Massive Hemostatic Transfusion: Implications for Trauma Resuscitation

This is a synopsis of a topic I recently reviewed for my senior medical student classmates. 

Massive transfusion is defined as ≥ 10 units of packed erythrocytes given over 24 hours, or alternatively, over the entire perioperative period. Physiologically, this is equivalent to about half of normal blood volume of an average patient. Hemorrhagic shock can produce the lethal triad of coagulopathy, hypothermia, and acidosis. Acute traumatic coagulopathy (ATC) has been reported in 25% of trauma patients (Brohi et al. 2007). Through years of basic research in animal and in vitro models, this form of coagulopathy was found to be only partially explained by crystalloid hemodilution, consumptive diathesis (i.e. DIC), normal anion gap acidosis, and hypothermia. The major risk factor for ATC was tissue hypoperfusion of target organs, leading to systemic anticoagulation and fibrinolysis. In a prospective study of 208 patients in the trauma bay (Brohi et al. 2008), ATC was found to be associated with activation of the thrombomodulin – protein C axis of anticoagulation, as well as increased fibrinolysis mediated by suppression of plasminogen activator inhibitor (PAI-1) and subsequent hyperactivity of tissue plasminogen activator (tPA).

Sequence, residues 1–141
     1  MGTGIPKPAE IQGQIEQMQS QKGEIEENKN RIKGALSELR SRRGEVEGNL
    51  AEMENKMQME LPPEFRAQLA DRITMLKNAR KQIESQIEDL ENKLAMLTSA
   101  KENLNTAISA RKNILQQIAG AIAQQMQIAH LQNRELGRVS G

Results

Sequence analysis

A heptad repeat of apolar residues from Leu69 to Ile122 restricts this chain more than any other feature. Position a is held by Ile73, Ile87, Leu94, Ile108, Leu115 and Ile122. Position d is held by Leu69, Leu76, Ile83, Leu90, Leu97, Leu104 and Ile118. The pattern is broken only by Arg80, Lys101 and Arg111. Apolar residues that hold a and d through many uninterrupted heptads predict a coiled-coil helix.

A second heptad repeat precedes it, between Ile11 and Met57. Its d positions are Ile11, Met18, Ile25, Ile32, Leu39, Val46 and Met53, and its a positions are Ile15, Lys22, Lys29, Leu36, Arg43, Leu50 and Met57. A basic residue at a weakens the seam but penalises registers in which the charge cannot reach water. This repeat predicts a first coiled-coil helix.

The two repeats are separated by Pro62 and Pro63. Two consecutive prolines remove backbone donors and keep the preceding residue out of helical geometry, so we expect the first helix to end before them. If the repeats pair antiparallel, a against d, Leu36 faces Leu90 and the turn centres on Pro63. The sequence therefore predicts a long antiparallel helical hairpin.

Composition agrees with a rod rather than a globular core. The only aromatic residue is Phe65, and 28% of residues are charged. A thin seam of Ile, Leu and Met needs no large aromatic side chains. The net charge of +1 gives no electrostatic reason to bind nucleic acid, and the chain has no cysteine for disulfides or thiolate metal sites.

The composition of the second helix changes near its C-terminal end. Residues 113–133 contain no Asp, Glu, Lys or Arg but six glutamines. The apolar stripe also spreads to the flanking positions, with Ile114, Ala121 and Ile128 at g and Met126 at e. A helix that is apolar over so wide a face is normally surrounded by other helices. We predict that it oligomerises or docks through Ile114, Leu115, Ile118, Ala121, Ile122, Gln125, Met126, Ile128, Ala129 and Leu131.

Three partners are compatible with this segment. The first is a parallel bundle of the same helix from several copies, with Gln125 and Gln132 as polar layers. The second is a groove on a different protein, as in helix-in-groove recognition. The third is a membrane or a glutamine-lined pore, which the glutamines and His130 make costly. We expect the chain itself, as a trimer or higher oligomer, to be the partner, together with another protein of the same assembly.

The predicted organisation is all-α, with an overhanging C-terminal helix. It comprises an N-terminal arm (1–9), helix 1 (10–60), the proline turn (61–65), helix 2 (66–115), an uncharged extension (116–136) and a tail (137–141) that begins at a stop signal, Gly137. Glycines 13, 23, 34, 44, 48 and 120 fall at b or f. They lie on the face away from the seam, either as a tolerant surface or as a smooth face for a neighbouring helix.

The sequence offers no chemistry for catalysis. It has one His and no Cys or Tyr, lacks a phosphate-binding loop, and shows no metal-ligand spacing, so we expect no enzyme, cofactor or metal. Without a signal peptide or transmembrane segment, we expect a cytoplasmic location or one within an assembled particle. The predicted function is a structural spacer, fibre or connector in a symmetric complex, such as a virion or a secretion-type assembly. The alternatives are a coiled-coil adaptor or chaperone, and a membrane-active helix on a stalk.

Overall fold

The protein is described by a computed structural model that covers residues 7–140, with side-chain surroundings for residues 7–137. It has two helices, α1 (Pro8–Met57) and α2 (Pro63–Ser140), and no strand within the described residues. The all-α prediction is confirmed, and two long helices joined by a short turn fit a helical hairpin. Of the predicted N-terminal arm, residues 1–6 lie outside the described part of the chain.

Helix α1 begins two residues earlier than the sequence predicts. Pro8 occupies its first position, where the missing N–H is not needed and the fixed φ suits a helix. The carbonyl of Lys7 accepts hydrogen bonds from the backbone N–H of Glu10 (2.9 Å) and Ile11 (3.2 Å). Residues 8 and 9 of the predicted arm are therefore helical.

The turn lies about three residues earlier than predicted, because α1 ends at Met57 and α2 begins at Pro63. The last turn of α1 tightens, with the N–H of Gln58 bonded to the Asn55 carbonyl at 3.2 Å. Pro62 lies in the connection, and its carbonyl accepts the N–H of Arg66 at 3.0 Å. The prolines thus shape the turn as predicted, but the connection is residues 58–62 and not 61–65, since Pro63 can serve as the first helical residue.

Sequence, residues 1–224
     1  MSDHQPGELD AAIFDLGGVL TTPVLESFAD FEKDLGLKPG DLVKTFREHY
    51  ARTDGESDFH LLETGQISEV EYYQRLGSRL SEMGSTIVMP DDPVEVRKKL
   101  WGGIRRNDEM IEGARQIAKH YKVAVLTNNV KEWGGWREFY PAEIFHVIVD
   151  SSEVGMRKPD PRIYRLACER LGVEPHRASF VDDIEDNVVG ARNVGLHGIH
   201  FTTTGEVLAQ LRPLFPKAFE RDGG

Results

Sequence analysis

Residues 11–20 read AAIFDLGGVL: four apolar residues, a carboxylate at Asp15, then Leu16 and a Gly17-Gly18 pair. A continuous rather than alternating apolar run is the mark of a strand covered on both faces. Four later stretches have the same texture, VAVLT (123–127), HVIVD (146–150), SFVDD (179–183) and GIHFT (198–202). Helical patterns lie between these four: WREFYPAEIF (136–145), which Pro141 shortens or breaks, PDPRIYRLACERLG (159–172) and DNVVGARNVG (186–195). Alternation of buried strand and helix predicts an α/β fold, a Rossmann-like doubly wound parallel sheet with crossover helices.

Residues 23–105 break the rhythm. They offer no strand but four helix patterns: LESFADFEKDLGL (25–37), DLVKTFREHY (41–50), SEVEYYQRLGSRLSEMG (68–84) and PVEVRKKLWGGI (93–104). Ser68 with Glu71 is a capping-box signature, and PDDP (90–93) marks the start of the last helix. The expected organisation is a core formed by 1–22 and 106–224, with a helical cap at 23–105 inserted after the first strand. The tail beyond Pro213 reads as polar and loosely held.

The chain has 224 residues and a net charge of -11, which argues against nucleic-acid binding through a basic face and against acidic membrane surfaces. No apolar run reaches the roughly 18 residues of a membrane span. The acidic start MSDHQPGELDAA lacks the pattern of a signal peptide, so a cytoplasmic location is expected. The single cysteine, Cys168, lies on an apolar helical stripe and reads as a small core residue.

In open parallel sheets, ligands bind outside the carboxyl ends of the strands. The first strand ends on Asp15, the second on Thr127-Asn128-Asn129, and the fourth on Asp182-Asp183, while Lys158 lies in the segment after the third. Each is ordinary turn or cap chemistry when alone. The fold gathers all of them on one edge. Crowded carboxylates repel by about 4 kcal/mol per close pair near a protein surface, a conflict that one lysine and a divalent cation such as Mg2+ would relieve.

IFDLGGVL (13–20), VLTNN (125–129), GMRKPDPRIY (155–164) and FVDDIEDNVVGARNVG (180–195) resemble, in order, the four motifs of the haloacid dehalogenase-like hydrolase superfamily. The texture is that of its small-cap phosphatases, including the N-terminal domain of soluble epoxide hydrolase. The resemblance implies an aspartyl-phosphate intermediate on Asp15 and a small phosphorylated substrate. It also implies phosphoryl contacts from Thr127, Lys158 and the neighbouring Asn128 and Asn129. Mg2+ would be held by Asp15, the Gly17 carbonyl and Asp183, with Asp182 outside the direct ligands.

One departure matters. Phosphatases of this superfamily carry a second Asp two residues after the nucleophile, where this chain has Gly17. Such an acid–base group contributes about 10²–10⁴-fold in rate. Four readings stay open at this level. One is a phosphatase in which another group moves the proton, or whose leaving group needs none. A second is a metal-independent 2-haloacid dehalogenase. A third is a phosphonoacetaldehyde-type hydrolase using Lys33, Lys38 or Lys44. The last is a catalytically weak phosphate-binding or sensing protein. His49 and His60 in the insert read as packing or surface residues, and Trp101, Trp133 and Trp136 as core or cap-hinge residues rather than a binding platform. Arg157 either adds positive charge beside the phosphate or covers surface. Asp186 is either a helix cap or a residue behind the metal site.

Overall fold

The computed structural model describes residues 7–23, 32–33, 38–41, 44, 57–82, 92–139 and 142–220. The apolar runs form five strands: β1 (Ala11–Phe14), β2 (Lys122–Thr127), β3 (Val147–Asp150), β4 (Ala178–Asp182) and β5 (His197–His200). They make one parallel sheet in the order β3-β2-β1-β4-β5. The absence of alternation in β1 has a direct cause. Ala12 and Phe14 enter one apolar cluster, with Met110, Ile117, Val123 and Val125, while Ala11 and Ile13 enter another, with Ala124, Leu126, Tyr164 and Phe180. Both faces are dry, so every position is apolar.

Hyperacute resuscitation of patients in hemorrhagic shock has traditionally been directed towards repletion of intravascular volume. However, increasing recognition is dawning upon the necessity for early proactive blood product transfusion to mitigate acute coagulopathy. Blood elements relevant for hemostatic resuscitation are red blood cells (RBCs), platelets (PLTs) and plasma (FFP).  Current guidelines from the American Society of Anesthesiology published guidelines (Nuttall et al. 2006) currently advise that FFP be administered when there is laboratory evidence (INR > 2.0, aPTT > 200% ULN) of coagulopathy, or until patients have been transfused with more than one blood volume. These parameters are to be rechecked after each transfusion of five units of RBCs. Two units of FFP are to be given per cycle, as well as six units of random donor PLT (equivalent to one apheresis unit). Cryoprecipitate fraction is to be given when fibrinogen < 80 mg/dl with concurrent micovascular oozing. Taken together, this protocol amounts to a FFP:RBC:PLT ratio of 1: 2.5: 1.